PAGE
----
South Carolina Governor Nikki Haley says, she was misinterpreted last year when she seemed to soothe opponents of Savannah harbor deepening. Some South Carolinians see Savannah's proposed port expansion as a threat to Charleston's port. Her words last year came up this week when reporters asked her about a permit South Carolina recently gave to Georgia's project.
Tourism and retail spending are boosting Savannah's economy, but those are the only positive signs in a third quarter economic report. Armstrong Atlantic State University's Center for Regional Analysis released its quarterly forecast this week. Center director Michael Toma says, out of seven economic trends the forecast tracks, only hotel stays and retail recepts posted gains.
Environmental regulators for South Carolina have denied a permit sought by the Army Corps of Engineers to deepen the river channel to Savannah's booming seaport in Georgia. Officials said in documents filed late Friday that the plan to dredge the bottom of the Savannah River would cause unacceptable harm to its water quality.
It'll be another year before the Georgia Ports Authority can expect major funding for a long-sought Savannah harbor deepening project. The agency's director says, given the project and budget timelines, the best Georgia can hope for in the budget now before Congress is $600,000 requested by President Obama. That's enough to keep the project going but far less than the $100 million needed to start construction.
Georgia wants millions in federal dollars to deepen Savannah harbor. Georgia officials believe the project that has significance not just for the state, but for the whole nation. But other states want the money, too. Right now, however, the nation has no national strategy for determining where taxpayer dollars would be best spent.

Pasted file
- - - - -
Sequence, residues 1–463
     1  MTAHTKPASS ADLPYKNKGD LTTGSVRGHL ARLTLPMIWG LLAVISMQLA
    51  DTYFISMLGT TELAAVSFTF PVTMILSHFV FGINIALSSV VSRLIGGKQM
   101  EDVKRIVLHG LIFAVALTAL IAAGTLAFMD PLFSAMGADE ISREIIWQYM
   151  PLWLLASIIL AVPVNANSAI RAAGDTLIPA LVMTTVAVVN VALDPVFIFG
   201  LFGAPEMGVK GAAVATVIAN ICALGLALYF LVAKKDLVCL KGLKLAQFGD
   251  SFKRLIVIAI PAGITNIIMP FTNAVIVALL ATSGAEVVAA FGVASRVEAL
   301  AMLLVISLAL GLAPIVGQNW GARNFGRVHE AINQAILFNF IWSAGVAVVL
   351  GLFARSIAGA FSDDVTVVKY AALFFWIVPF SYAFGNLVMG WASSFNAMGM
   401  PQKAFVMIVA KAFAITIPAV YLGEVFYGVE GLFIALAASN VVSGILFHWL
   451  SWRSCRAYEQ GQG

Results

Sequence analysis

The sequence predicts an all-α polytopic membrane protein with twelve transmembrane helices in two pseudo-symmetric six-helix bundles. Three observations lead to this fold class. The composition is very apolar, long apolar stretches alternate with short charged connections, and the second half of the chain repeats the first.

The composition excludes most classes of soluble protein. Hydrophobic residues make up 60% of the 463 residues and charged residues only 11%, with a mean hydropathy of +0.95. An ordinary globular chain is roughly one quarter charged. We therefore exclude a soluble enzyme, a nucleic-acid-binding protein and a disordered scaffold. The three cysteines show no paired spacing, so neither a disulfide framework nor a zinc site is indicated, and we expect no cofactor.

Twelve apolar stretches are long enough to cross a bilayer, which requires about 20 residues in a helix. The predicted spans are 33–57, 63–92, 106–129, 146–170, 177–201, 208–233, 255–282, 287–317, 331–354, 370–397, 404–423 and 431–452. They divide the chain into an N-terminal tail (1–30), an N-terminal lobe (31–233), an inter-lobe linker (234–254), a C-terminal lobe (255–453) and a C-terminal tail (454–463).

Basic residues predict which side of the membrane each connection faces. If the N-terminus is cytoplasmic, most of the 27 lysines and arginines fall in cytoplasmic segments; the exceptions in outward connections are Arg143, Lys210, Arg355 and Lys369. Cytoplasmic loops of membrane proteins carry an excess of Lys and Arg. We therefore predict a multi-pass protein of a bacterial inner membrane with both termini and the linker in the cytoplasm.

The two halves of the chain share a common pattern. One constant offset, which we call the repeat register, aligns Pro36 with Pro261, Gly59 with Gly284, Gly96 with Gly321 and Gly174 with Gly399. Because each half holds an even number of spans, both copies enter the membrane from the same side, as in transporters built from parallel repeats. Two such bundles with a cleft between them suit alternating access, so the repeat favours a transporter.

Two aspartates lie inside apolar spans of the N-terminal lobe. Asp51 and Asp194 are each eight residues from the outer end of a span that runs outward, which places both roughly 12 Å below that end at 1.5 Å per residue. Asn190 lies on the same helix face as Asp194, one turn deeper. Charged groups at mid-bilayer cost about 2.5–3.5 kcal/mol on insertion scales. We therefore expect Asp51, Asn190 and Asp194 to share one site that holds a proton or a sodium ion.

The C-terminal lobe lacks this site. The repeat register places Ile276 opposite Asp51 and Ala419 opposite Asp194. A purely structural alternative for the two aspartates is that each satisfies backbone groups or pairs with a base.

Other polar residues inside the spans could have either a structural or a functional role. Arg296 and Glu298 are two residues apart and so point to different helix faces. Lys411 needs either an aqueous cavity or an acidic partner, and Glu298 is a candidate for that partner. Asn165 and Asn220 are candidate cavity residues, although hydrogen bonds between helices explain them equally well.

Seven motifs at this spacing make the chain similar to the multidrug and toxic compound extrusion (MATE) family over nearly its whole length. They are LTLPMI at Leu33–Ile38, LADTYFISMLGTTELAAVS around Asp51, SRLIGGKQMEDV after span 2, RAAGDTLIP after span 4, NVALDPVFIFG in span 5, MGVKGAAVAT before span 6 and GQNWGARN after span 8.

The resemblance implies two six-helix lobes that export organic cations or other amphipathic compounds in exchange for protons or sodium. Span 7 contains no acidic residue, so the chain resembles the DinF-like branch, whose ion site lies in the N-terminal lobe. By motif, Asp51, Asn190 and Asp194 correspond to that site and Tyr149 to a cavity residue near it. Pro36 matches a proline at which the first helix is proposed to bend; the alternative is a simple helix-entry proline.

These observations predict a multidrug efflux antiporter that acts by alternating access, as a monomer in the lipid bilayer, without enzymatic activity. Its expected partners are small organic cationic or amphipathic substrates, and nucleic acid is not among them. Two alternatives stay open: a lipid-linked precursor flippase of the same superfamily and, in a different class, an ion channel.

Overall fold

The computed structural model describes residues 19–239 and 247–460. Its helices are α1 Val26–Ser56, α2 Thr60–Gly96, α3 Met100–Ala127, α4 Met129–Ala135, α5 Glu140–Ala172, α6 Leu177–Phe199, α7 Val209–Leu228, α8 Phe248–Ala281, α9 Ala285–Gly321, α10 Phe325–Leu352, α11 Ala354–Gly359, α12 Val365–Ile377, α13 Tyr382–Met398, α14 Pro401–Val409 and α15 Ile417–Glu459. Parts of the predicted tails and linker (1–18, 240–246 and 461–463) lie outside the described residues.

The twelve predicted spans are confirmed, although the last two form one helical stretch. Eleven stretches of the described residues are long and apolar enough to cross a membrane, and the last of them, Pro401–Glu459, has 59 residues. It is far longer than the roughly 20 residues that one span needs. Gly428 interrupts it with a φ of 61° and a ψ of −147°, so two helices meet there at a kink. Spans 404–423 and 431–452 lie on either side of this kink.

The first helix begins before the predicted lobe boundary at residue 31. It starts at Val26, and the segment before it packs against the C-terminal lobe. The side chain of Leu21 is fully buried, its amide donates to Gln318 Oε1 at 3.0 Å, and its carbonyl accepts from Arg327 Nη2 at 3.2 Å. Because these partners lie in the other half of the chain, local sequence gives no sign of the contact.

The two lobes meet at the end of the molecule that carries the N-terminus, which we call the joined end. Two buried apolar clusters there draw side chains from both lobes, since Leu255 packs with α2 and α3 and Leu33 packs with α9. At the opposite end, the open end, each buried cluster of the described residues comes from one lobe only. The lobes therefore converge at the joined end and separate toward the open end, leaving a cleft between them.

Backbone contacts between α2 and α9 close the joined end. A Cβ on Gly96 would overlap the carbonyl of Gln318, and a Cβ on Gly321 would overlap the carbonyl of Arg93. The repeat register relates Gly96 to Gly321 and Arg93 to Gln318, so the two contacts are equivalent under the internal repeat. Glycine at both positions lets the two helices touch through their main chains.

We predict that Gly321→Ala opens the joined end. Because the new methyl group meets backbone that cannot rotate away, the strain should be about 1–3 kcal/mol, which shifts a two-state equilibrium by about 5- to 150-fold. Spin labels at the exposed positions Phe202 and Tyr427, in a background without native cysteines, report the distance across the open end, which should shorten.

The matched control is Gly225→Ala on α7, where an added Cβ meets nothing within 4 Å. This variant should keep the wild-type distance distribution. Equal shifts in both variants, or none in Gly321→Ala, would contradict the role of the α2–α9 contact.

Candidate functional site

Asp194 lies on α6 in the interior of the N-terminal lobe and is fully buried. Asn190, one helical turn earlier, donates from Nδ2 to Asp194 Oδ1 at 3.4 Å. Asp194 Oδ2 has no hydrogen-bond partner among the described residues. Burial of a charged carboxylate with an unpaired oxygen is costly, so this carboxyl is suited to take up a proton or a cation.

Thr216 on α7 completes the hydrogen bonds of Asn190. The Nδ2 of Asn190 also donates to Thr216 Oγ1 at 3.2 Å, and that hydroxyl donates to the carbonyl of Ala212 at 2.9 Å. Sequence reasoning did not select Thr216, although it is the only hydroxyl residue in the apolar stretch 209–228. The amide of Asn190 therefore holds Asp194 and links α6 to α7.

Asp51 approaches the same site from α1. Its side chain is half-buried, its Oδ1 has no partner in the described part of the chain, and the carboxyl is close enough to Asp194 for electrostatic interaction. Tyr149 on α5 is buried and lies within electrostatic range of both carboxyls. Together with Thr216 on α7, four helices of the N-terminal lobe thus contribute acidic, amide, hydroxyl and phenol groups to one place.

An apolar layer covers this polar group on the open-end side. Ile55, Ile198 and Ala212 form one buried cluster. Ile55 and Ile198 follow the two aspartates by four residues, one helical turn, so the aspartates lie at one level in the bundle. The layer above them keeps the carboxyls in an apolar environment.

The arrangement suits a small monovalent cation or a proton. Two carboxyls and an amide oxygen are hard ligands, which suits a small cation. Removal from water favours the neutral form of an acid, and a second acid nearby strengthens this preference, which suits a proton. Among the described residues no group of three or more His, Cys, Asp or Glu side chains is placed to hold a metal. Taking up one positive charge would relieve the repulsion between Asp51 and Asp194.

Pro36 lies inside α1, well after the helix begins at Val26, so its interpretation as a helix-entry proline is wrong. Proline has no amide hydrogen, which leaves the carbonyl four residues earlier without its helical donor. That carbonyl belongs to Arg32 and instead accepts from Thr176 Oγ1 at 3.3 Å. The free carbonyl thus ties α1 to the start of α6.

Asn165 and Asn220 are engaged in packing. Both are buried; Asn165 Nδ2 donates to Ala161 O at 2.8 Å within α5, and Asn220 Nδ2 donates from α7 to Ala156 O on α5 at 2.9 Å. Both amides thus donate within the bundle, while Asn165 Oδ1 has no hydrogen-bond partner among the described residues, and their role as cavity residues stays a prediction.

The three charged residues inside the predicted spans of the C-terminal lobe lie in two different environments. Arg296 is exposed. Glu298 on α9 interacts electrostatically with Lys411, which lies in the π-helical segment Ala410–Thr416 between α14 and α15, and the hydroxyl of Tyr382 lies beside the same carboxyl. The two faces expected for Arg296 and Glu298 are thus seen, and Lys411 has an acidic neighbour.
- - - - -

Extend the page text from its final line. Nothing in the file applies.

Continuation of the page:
Georgia Ports Authority has signed an agreement with a Canadian firm to upgrade the Port of Brunswick. The Logistec Corporation will spend $5 million to deepen container berths and improve the facility that handles wood pellets. Ports spokesman Robert Morris says, the Brunswick port is close to customers making and exporting wood pellets from the heart of Georgia's timber land.
Officials working to build a jointly-run Georgia and South Carolina port on the Savannah River will spend the next year looking at what to do with the river's sediment. The dredged clay will come from the bottom of the Savannah River and will be put on the river's South Carolina bank where officials want to build the shared port.
Savannah's booming seaport has set another record for the amount of cargo moving through its gates after posting double-digit growth in the past 12 months. Georgia Ports Authority executive director Curtis Foltz announced Monday that Savannah's port handled 2.9 million containers of imports and exports in the fiscal year that ended June 30. That's an 11 percent increase from fiscal 2010. It's also a record for Savannah, beating the port's previous peak in 2008 by about 240,000 containers.
Governor Nathan Deal and Atlanta Mayor Kasim Reed are scheduled to be in Washington Wednesday. The bipartisan duo will be lobbying for more funds for the Savannah harbor deepening project. President Obama's most recent budget included a only small sliver of the $100 million dollars port officials want.
Georgia's ports officials have serious concerns about the possibility of a cruise ship terminal at their Savannah dock. The city recently paid a consultant $50,000 to create a feasibility study on how Savannah could start welcoming cruise ships. The study's top recommendation was a temporary cruise ship terminal at the Georgia Ports Authority.